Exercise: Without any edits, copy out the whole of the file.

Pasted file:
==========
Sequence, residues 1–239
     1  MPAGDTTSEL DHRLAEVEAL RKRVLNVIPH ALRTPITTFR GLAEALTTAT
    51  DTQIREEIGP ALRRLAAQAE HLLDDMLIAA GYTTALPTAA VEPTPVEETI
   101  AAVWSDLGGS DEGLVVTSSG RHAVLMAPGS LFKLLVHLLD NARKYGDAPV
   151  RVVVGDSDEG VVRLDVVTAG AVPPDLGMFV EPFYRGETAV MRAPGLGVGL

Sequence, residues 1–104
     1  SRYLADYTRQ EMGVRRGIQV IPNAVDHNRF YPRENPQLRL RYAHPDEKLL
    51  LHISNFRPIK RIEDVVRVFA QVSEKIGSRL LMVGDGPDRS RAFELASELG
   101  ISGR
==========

Sequence, residues 1–239
     1  MPAGDTTSEL DHRLAEVEAL RKRVLNVIPH ALRTPITTFR GLAEALTTAT
    51  DTQIREEIGP ALRRLAAQAE HLLDDMLIAA GYTTALPTAA VEPTPVEETI
   101  AAVWSDLGGS DEGLVVTSSG RHAVLMAPGS LFKLLVHLLD NARKYGDAPV
   151  RVVVGDSDEG VVRLDVVTAG AVPPDLGMFV EPFYRGETAV MRAPGLGVGL

Sequence, residues 1–104
     1  SRYLADYTRQ EMGVRRGIQV IPNAVDHNRF YPRENPQLRL RYAHPDEKLL
    51  LHISNFRPIK RIEDVVRVFA QVSEKIGSRL LMVGDGPDRS RAFELASELG
   101  ISGR